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Flu activity across the country ticked up slightly at the end of January but overall the toll from influenza this season is lower than it’s been in recent years.

Still, the Centers for Disease Control and Prevention are advising clinicians to treat suspected influenza in high-risk outpatients with antiviral medications as soon as possible. Don’t wait for testing results, the agency says, because early antiviral treatment works best.

The H1N1 viruses (which caused the 2009 flu pandemic) have predominated in recent weeks, landing some young- to middle-aged adults in intensive care from a severe respiratory illness. Fatalities have been reported, the CDC said. This strain of the virus has been known to cause severe illness in children and young adults.

At the ZipClinic Urgent Care centers in Colorado, General Manager Aniela Johnson said clinicians are seeing more patients come in with the flu. Some are reporting symptoms that aren’t as common, such as intense muscle pain without any fever. At ZipClinic in Belgrade, Montana, Admin Manager Tracey Joyner said the clinic is gearing up as nearby counties have been reporting more cases of the H1N1 flu.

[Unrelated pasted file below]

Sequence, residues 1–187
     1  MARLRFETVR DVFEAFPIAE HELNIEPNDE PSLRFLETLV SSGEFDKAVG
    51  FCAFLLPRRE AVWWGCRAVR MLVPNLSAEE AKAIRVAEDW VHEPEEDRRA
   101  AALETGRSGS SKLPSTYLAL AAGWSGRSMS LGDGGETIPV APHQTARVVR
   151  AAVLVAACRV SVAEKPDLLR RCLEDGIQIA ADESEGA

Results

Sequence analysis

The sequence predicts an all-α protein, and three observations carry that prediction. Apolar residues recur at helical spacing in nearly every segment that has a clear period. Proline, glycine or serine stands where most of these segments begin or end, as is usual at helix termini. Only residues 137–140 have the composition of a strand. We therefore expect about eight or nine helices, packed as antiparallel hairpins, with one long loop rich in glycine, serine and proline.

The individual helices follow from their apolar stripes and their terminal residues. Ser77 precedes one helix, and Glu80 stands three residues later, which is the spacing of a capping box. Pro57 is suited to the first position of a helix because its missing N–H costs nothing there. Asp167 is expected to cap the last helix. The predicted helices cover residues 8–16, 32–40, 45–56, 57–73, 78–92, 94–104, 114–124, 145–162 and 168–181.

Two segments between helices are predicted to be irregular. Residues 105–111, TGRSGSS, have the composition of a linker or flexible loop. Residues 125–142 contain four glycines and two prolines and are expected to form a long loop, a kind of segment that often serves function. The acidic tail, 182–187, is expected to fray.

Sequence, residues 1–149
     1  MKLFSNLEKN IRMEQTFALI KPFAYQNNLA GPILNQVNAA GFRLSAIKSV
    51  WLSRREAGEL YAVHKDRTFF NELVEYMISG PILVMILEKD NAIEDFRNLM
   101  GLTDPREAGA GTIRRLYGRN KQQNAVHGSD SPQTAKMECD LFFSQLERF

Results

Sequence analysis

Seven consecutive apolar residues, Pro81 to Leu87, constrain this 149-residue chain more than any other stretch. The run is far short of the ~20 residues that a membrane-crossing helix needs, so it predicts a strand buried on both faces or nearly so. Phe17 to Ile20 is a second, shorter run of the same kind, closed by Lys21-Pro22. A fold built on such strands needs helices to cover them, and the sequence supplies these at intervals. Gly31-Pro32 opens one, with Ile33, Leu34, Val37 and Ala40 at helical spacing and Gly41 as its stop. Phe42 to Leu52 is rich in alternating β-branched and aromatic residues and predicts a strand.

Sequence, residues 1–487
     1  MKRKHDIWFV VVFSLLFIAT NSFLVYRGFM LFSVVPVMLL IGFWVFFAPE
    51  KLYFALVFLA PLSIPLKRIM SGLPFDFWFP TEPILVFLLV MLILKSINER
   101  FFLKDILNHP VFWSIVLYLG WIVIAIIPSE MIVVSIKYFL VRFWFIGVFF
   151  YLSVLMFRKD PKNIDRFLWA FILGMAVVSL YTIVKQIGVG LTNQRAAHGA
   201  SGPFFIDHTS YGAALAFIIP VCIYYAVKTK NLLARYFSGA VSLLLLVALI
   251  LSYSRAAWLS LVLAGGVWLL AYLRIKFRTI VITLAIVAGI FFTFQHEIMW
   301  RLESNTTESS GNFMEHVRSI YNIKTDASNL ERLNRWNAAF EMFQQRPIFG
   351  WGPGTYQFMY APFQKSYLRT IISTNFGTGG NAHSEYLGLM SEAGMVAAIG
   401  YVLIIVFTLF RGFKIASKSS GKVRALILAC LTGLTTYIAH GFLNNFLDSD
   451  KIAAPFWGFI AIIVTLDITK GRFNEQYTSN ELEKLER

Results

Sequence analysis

“As always, we suggest patients get the vaccine (if they haven’t already), exercise good hand-washing habits, and stay home if they have flu-like symptoms,” Joyner said.

The CDC is reporting widespread flu activity in four states—California, Maryland, Massachusetts, and North Carolina. Regional flu activity is reported in Puerto Rico and 14 states. See a map here. The traditional flu season runs through May.

Here are a few of the general recommendations to keep in mind for patient treatment:

Clinicians should encourage all patients ages 6 months and older who have not yet received an influenza vaccine this season to be vaccinated against influenza.

When indicated, antiviral treatment should be started as soon as possible after illness onset, ideally within 48 hours of symptom onset. Clinical benefit is greatest when antiviral treatment is administered early. However, antiviral treatment might still be beneficial in patients with severe, complicated, or progressive illness.

Those at highest risk of flu complications include: children ages 2 and under, adults ages 65 and older, those with chronic conditions, pregnant women, and those with immunosuppression.

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